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"Knowingness"
as Interpreted by Jonathan Lear

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Practice Module on Understanding Knowingness

California State University, Dominguez Hills
University of Wisconsin, Parkside
Created: October 8, 2000
Latest update: September 2, 2002

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takata@uwp.edu

Site Teaching Modules "Knowingness:" Something's funny in our culture.

Site Copyright: Jeanne Curran and Susan R. Takata and Individual Authors, September 2002.
"Fair use" encouraged.

From Jonathan Lear's Open Minded: Working Out the Logic of the Soul. 1998. Harvard University Press. ISBN 0-674-45534-7 (pbk)
Against knowingness. Interprets the role of Freud in helping us to understand our need to "know."

"[T]he psychoanalytic profession has for too long clung to a defense which is, by now, outworn and boring: namely, the stance that psychoanalysis has a special secret to give to culture . . . This is ironic because this stance is an exploitation of the transference---analysts putting themselves forward as possessors of esoteric knowledge . . . . Analysts portrayed themselves as 'already knowing' the secret, whereas what makes analysis special is its unique form of not already knowing." (op. cit., pp.33-34) Lear sees analysis as an interdependent process in which patient and doctor work out an understanding of the patient's lived reality over time, together. Analysis assumes not independent knowing on the part of the analyst, but guidance and good faith listening to help ferret out interdependently the essential keys to understanding, which must come from the patient.

Lear also speaks of a "crisis of knowingness in the culture." We assume as part of our dominant discourse that we know certain things. Often these things we know are the underlying unstated assumptions of our dominant discourse. For example, it is generally "known" that people can get work if they really want to. After all, the economy is good right now. This knowledge assumes that the person without work has access to respect for the work he/she does, that the person is free enough of depression and any other disability related to his/her not working to effectively undertake work, and that the person sees a just place for himself/herself in the lived reality of the "working class." Those are pretty hefty assumptions that do not take into account the shift in work from physical labor to service and a new digital world, structural contexts, such as inner city deterioration, such as the feminization of the work force, such as the increasing bureaucratic nature of the work force, the devastating loss of extended family in the excessive mobility of the last decades, and the savage depletion of our mental health institutions.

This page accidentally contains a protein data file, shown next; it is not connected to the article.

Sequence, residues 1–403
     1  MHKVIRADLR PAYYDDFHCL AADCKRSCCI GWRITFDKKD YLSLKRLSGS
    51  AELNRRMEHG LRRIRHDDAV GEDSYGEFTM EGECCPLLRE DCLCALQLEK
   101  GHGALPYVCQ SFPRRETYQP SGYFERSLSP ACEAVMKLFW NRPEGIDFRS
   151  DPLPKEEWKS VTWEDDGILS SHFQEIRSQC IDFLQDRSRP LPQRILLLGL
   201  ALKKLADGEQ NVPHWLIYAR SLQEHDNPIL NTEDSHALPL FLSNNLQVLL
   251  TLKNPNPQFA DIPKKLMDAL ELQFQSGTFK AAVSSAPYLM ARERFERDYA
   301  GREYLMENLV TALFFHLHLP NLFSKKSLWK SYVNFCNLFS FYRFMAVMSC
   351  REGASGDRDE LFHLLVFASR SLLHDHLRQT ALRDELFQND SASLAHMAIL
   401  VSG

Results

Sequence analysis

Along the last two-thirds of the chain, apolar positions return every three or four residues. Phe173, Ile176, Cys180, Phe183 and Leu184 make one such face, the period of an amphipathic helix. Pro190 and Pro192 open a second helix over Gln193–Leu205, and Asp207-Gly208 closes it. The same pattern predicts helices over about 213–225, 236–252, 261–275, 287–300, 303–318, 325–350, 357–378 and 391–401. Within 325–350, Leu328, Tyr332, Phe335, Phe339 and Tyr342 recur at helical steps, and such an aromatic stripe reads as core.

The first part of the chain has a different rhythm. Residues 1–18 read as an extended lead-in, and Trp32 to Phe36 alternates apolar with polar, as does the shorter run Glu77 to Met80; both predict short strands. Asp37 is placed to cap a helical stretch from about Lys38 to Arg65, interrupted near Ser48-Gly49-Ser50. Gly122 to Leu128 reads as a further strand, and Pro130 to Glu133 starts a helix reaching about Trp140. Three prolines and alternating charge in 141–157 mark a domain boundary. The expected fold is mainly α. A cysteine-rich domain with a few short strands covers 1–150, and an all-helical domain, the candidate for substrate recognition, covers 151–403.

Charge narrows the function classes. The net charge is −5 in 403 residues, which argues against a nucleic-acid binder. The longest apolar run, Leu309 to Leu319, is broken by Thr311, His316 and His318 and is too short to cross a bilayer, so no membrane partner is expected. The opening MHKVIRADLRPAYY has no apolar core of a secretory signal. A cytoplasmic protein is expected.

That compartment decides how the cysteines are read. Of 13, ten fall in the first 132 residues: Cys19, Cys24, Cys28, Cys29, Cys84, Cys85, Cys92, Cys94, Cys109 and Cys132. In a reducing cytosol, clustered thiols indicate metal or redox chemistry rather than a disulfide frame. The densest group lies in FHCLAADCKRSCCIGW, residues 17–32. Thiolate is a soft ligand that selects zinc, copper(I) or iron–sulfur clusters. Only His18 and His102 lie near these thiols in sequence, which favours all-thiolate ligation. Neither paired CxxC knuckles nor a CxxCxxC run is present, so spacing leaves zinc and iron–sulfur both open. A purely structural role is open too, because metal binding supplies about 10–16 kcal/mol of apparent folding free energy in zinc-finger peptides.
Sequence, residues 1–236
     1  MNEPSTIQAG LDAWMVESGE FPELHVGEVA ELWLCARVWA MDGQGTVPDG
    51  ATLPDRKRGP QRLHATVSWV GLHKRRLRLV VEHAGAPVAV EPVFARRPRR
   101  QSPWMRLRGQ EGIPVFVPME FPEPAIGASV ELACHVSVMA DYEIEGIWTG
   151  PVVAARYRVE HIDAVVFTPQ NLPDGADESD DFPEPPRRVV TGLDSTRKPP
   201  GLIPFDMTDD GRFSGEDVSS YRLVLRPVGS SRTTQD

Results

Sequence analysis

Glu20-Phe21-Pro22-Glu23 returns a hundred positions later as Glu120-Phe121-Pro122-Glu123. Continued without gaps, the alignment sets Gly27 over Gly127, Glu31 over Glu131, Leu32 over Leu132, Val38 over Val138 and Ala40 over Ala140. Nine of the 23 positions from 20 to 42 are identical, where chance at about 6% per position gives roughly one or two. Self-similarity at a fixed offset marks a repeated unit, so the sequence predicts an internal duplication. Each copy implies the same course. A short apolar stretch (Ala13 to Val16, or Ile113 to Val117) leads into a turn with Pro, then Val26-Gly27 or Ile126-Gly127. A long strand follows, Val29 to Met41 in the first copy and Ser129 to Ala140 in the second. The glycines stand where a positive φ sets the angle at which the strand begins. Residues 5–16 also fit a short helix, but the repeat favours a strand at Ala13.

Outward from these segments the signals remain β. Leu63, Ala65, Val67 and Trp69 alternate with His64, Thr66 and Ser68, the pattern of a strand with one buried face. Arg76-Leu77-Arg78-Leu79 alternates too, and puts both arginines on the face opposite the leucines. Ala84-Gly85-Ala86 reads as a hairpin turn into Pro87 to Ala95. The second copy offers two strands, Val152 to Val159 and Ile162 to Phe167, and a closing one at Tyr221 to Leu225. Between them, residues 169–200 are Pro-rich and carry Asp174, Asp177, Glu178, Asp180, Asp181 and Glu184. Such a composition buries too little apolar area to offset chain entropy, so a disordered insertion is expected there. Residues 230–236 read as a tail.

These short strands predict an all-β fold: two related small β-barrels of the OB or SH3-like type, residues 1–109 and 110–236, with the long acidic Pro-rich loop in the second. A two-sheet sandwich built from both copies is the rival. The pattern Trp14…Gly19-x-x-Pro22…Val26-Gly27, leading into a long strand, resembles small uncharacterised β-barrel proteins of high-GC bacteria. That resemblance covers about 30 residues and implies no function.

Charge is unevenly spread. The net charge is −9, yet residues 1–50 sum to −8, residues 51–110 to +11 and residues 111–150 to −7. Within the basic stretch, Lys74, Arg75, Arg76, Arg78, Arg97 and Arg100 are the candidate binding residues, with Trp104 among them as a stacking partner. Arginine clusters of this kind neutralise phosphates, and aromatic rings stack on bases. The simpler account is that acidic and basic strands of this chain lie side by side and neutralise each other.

As we begin to take these unstated assumptions into account, we may discover that what we think we "know" is not at all like the person's lived reality. What we "know" changes as we receive new information, and even in the areas of the most exact sciences, what we "know" changes over time. Lear speaks of the "established order of knowingness" being disturbed. (At p. 36.)

But Lear sees more. He claims that there is something "funny going on with 'knowingness' in the culture." (At p. 37.) And that something funny relates to the affect we show in relation to knowingness: "If boredom and irritation accompany the claim to already know, the violation of the presumption to already know is met with moralizing fury. It seems almost as though a taboo has been violated." (At p. 38.)

Lear relates the problem of "knowingness" to the myth of Oedipus, specifically to Sophocles' Oedipus Tyrannus and to "the fundamental transference-trap of interpretation: . . . either one presents oneself as offering the real truth, about Oedipus, say; or one says that one's interpretation is one among many good-enough interpretations. . . . the sense that this is our only choice should show us that we are living in a constricted universe of possibilities. (At p.39.) (Compare this to Foucauldian dialog. Tag jeanne.)

Lear speaks of the ridiculousness of having to choose between "knowing the real truth" and "accepting each interpretation as just one more." Although Lear doesns't go on to discuss that, because he moves to instead to give truth to his interpretation by tying it directly to Freud's text, I think we need to consider the "something funny" in our present handling of theory and interpretation. This is very close to the dilemma of metanarratives. To accept that we "know" the truth is to accept that there is some metanarrative that we could ultimately discover that would give us access to "the" truth. In the 21st Century we find that ultimate single truth very hard to accept. But to accept all interpretation on equal footing, as "good enough," is to deny ourselves all we have gleaned from the 20th Century flirtation with knowledge. That seems to me to be Habermas' position. We do know how to argue. We do know how to judge one argument as better than another, not perhaps for all time and under all conditions, but we can rank order arguments, at least roughly. Therefore, Habermas tries to identify a metanarrative of criticism, so that we can weigh arguments against one another, even as we recognize that there are no unique answers, no overriding truth that silences the Other.

Review based on Lear's Re-Interpretation of Freud's Oedipus, at pp.39 ff.